Looking somewhat ethnically ambiguous has always been a bit of a trip. Especially for a woman or female-identifying person like myself, I’ve noticed that it always puts others on edge to not know how to make sense of me.

What I’ve found was that being Arab, or from the Gulf, can make people around you feel like you’re sensitive to everything. She lives in the co-ed dorms and wears crop tops, but she stays mostly to herself and is close friends with hijabi women. Can I crack a crude joke in front of her or will she be offended? Even though maybe they don’t mean to, they must wonder what ‘kind of woman’ I am. As if the binary is split evenly between a ‘sexual’ woman and a modest one; as if they are mutually exclusive. 

First impressions must be confusing. I don’t neatly fit into any of their preconceived notions, so it’s difficult to make assumptions about me. When I go out with friends and pass someone that’s seen me in class, they’ll stop me and say with bewilderment, “I never thought I’d see you here.” The same goes when I put on an abaya the next day and it seems like I’ve become someone else by the way people address me. Suddenly it felt strange for me to slouch or make certain jokes. 


At times, this becomes frustrating. Do I have to let go of a part of myself to be fully ‘understood’? Do I show more skin? Is that too much? Femininity, whatever that meant, seemed so abstract but, at the same time, I couldn’t find a place for me anywhere in it.

The way I approached love and sexuality depended on who I was as a woman, that’s the way I saw it. I could either be what I thought was traditional, swooning over someone I was interested in while remaining discreet and proper, or I could completely adopt a ‘men ain’t shit’ attitude and always look out for myself first, hence never letting anyone in. Needing someone terrified me as it felt like a threat to my independence, so I tended to go with the latter, which didn’t always work out well, as you can imagine. All of this combined took a devastating toll on my sense of self-worth.

That’s when Miraa May’s music came up as a recommended artist on Spotify. I decided why not, I’ll try out her top song  ‘I Don’t Want Ya (Didi)’. 

Just with the opening beats, I was hooked and I’ve had it on replay ever since. There was something about her music that put together puzzle pieces that were supposedly not meant to fit together. The song starts with traditionally Arab sounds, drumming and ululation, almost like it’s posing to be a ballad. Then it gives way to her voice crooning, “Ohh you lie. Tell me you care. But you don’t, don’t lie.” I felt my body thrumming, there was something about the music that made me feel alive.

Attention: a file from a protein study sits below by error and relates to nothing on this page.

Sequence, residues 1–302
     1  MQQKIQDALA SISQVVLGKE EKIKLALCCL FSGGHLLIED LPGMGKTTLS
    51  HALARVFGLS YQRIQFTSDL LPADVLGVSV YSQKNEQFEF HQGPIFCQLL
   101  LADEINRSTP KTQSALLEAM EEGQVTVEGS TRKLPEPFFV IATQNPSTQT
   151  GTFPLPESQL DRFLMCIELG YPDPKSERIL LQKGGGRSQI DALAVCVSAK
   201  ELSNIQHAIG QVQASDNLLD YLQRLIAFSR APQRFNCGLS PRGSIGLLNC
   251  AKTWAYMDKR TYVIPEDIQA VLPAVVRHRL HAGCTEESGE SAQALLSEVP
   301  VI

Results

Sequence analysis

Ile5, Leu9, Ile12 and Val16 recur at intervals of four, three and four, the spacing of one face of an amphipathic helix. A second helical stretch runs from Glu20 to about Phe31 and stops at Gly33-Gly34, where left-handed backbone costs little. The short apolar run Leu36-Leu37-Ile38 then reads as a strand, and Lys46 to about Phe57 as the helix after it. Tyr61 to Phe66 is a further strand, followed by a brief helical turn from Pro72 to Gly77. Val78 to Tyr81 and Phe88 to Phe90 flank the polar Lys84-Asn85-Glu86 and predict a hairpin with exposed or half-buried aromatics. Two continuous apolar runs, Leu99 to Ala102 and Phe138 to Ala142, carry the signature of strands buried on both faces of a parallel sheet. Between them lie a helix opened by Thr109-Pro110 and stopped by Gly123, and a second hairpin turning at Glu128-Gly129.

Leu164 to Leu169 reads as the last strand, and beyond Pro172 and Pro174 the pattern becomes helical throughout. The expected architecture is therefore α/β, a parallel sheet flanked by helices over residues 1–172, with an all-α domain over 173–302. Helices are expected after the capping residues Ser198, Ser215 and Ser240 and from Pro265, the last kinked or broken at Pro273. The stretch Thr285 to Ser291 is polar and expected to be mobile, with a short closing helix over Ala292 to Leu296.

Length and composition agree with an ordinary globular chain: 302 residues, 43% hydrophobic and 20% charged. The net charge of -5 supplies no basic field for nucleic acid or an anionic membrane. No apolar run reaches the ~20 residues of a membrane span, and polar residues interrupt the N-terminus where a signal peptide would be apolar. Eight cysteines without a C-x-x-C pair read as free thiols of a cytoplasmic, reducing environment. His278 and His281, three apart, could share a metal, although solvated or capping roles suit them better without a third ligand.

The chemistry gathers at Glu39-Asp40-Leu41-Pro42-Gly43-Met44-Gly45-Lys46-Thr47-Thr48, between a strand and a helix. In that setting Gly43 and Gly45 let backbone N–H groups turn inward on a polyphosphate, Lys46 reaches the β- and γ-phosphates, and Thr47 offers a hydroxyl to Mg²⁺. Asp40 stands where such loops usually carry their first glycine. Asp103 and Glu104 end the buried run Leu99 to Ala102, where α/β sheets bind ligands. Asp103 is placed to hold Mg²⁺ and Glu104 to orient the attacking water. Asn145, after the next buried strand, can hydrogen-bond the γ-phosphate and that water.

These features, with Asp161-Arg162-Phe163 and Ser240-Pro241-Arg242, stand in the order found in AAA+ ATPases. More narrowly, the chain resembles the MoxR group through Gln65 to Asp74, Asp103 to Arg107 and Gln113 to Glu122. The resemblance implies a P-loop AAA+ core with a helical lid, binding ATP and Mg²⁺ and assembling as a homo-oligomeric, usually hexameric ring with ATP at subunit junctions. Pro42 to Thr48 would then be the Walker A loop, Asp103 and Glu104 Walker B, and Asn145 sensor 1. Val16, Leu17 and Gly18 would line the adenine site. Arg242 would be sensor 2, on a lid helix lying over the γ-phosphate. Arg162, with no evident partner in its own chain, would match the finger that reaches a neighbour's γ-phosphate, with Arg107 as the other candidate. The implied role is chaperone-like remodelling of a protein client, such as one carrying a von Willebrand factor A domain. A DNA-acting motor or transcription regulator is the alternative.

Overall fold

As an artist, Miraa May is still relatively up-and-coming, but she has four albums under her belt and is still on the rise.

Born in Algeria but having spent most of her life in the UK, she infuses her music with Middle-Eastern type beats while weaving in her own edgy R&B style. But to put it that way would do it injustice, I think what draws me to her as an artist is that she doesn’t allow herself to be defined. In some tracks, Miraa May is defiant, not wanting to let anyone in, ‘I Don’t Want Ya (Didi)’ and ‘N15’ before turning over and showing a more vulnerable and warm side in ‘Travel Thoughts’ and ‘Benji’. 

Her lyrics are short but in no way simple. Her use of slang itself becomes a character, reminding her audience that singing about love doesn’t mean she has to give up her hard edges. I particularly love how she explores the duality of being a woman and approaching romance in her own way in the song ‘Woman Like Me’.

She sings about falling in love, describing it as: “It’s a rush, I’m in love but I’m not no victim. I’m a thug, you G’d up.” There is no distress in ‘falling’, she’s no victim shot with Cupid’s arrow. She isn’t burdened by the love she feels and she is unashamed of saying that she needs them, ending the song with ‘I need you.’ I admire how she can both be powerful as a ‘thug’ and still dependent in a way and  ‘in love’, something I’ve always approached as being mutually exclusive. 

I realized that what I saw as ambiguity in terms of my cultural background or my femininity, her music turned into complexity. Miraa May allowed me to think in a completely different way about myself. This is also reinforced by the way she dresses, in a street-style that is both androgynous and feminine. It feels like she writes her songs and lives based on the way she feels, rather than trying to make herself understood by others. I feel that approach is so crucial because the weight of trying to boil myself down to something understandable is stifling.  

All of this is to say that, in many ways, Mira May’s music redefines what it means to be an Arab woman. She brushes all of those labels off and does as she likes, as she should, like the lines in her song ‘Angles’, ‘Don’t fit in a box, I fit in a mansion’. There is nothing about Miraa May’s music that tries to cling to any convention. That makes me proud of myself for being unconventional. Her songs, particularly the album N15 has always stood out to me because of its cheek, that it is whimsical but also biting. 

Needless to say, Miraa May is an artist to look out for. Her unconventional attitude towards femininity and love has made me comfortable in my own skin as well as encouraged a healthier outlook on relationships

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Amal Als

By Amal Als

Editorial Fellow